By Karen A. Jamrog
If ever there were a list of the coolest winemakers, surely Charles Smith would be on it. He commands attention with his shock of long, white, curly hair and rock ‘n’ roll, outsized energy and presence. But he is also a philosophical guy and in some ways a man of contradictions—respectful and admiring of old school winemaking, while at the same time a restless innovator.
One thing’s for sure: he has a knack for making wine. Smith is the only person to be awarded “Winemaker of the Year” by both Wine Enthusiast (in 2014) and Food & Wine (in 2009). Wine & Spirits magazine in 2008 named Smith’s K Vintners one of the “Best Wineries of the Last 10 Years” as well as “Winery of the Year,” and brands in his Wines of Substance portfolio have continued to earn high scores from prominent reviewers.
Smith grew up just outside Sacramento and says he “came to wine by way of the hospitality industry” when he began, at about age 20, to work at various restaurants in Palm Springs, Lake Tahoe, and Napa Valley. “Sounds glamorous,” Smith says, “but I was essentially a migrant restaurant worker following the seasons” while living “hand-to-mouth.” His time in the industry sparked his interest in wine, and led him to dream of having a job, he says, as a “wine guy.”
After a move to Denmark in 1989 to be with a lady friend he’d met in the States, Smith managed rock bands and concert tours, he says, to “put food on my table, to survive.” But during a road trip back to the States, when local winemakers Smith met at a barbecue encouraged him to follow his passion and go into the wine business, he changed course.
Within five months, Smith moved to the Pacific Northwest, opened a wine shop, and made his first wine, released in 2001. “Initially my goal was to make 2,000 cases and $100,000 a year. I thought I’d live a small-town winemaker life into my golden years.” But he says, things turned out very differently when he “saw an opportunity to do innovation.” Smith wanted his wines to reflect his “great respect for traditional winemaking and for history and culture” while directly communicating with consumers in contemporary times—including he says, the many people who are not well-versed in wine. “For me, it’s really important to share the wines with everyone,” he says. That’s why he favors label designs and wine names that don’t intimidate, along with a pricing structure that makes his wines accessible to a broad range of people.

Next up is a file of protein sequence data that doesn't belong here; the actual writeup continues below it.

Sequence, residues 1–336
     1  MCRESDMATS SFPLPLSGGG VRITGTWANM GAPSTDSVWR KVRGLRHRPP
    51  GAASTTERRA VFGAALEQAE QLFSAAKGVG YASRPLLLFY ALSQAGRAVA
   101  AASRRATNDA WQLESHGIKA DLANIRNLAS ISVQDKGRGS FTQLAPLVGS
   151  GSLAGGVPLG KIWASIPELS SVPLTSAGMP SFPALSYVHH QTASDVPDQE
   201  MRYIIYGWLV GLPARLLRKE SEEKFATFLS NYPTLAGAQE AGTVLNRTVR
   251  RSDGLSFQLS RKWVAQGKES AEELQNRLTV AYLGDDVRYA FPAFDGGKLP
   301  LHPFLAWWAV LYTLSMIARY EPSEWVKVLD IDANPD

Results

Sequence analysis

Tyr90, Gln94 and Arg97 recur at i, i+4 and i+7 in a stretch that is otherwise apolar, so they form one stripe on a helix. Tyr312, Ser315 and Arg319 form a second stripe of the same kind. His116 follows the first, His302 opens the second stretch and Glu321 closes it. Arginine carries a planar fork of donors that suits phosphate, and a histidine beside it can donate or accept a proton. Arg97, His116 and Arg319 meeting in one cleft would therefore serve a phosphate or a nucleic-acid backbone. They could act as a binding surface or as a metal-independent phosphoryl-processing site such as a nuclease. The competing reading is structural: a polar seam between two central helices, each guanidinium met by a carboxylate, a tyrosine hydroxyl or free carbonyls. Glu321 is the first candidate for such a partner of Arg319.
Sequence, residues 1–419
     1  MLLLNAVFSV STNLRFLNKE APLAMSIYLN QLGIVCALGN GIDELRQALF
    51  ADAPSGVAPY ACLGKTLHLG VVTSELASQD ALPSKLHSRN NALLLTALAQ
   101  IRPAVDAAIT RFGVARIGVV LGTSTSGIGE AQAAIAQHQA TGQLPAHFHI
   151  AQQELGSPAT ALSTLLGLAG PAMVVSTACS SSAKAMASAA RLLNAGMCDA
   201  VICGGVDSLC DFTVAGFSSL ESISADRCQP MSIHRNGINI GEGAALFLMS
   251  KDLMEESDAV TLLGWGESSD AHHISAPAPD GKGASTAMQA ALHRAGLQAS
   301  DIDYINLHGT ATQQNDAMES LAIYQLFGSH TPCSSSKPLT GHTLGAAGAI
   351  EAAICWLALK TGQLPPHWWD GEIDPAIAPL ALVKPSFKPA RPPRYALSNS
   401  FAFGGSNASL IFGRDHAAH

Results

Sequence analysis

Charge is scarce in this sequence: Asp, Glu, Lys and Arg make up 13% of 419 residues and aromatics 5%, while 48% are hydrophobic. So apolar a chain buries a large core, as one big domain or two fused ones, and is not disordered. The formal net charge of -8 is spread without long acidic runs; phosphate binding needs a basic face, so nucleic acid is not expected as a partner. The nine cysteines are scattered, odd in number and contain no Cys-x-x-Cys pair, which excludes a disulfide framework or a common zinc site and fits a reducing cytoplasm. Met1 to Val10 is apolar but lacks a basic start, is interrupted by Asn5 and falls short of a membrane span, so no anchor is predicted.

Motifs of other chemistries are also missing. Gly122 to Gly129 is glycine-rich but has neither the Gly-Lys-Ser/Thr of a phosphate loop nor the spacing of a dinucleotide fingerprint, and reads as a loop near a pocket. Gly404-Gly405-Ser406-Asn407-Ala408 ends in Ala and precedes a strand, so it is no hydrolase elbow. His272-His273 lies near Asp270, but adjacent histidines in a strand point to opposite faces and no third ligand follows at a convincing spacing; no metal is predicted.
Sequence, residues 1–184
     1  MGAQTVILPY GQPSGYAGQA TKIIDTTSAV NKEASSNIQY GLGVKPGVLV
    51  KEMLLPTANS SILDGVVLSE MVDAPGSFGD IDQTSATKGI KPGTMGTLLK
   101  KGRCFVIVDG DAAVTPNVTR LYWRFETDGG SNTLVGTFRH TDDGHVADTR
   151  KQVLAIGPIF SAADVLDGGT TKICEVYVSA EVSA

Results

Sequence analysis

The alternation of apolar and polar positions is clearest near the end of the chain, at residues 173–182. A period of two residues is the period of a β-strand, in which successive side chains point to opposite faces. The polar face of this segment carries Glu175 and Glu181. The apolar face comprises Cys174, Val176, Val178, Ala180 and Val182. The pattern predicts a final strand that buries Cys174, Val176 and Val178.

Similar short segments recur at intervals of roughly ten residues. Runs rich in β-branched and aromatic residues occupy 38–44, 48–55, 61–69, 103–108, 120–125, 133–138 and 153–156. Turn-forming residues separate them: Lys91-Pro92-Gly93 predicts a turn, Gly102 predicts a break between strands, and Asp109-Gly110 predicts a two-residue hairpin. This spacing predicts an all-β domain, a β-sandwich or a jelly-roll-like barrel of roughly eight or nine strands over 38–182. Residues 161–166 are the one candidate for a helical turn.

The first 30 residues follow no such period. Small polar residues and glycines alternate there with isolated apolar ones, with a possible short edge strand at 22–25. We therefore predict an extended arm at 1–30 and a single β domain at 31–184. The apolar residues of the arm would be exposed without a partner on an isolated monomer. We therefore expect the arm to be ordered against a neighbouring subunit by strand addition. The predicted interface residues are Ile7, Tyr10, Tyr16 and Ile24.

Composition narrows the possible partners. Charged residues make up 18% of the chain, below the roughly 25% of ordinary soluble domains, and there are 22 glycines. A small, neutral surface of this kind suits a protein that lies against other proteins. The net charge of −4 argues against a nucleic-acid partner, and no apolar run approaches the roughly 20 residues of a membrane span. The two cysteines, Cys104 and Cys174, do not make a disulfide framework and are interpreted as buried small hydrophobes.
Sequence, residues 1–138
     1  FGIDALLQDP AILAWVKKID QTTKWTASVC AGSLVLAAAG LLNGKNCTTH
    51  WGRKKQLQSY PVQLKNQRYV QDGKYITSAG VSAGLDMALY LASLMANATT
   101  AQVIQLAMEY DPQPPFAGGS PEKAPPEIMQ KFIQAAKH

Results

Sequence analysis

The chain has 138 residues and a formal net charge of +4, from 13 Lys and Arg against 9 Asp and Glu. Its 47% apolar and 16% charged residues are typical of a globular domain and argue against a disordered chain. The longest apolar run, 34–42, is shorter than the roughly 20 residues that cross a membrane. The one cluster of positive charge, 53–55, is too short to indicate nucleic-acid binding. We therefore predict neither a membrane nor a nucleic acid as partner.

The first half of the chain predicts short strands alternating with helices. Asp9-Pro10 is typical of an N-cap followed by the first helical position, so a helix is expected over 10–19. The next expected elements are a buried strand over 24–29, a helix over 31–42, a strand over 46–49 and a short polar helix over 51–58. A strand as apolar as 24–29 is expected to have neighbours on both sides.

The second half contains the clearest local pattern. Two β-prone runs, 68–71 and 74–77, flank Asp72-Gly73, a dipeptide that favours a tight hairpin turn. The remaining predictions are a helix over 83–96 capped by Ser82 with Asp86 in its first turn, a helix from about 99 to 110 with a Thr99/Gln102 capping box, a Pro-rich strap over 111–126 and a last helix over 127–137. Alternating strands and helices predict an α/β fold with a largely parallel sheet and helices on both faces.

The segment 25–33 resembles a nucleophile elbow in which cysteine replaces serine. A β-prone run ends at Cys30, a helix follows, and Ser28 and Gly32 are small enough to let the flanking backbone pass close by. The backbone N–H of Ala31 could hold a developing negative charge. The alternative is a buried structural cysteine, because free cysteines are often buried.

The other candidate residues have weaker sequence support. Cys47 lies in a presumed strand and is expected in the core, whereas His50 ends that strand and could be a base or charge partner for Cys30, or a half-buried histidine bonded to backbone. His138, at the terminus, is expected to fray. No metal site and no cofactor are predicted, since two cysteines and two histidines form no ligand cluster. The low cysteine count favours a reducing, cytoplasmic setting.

In addition, Smith’s approach to winemaking is grounded in sustainable practices. He uses no chemicals in the vineyard and allows spontaneous fermentation in the winery. “There’s no cultured yeast or commercial products being used in the wine,” he says. “It’s about purity and honesty and directness and the desire to give the best that I can give. That runs through everything that I do…I want to earn every dollar that I make,” Smith explains. “My $15 bottle of wine needs to be worth every single dime that people [pay for it] and then some…My integrity and passion and skills go into every bottle, whether it costs $12 or $150.” After all, he says, “the world doesn’t need more wine. It needs better quality for a better price and a better way of communicating it to include everyone.”
Smith aims to make his wines encapsulate the human experience. “I want my life to be in my wine. I want laughter, I want friendship, I want heartache, I want joy, I want life in my wines,” he says. “My favorite winemakers are out ahead of things or stuck to their guns and didn’t change with fashion. They’re true, honest, and good.”
This is as it should be, because “wine comes from the earth and the sun, and the water and the soil,” Smith says. “To take all those things and put it in a bottle and then that goes in someone’s glass and into their mouth?” It’s personal, universal, and organic all at once, Smith believes.
Sharing a bottle of wine with friends or family brings us together, Charles Smith says. And in these times of COVID-induced separation, wine brings the world to your home. Charles Smith wine transports you to Washington State, “and in these times when we’re feeling all cooped up, it’s a way to find a little connectivity,” he says, “and realize life is good.”
Still, Smith does look forward to when he can visit in person. Travel “has been one of the greatest gifts of being a winemaker,” he says. “I’ve been around the country and seen a lot of beautiful places and I met a lot of really, really nice people. To know that there are people in New Hampshire drinking my wine, makes me want to go there. It makes me want to see the people and say, ‘Thank you.’” With his Wines of Substance now being sold in all 50 states and 24 countries, Smith will have a lot of catching up to do.
In the meantime, he can continue to connect with people through his wines, because, he says, “I’m in every bottle.”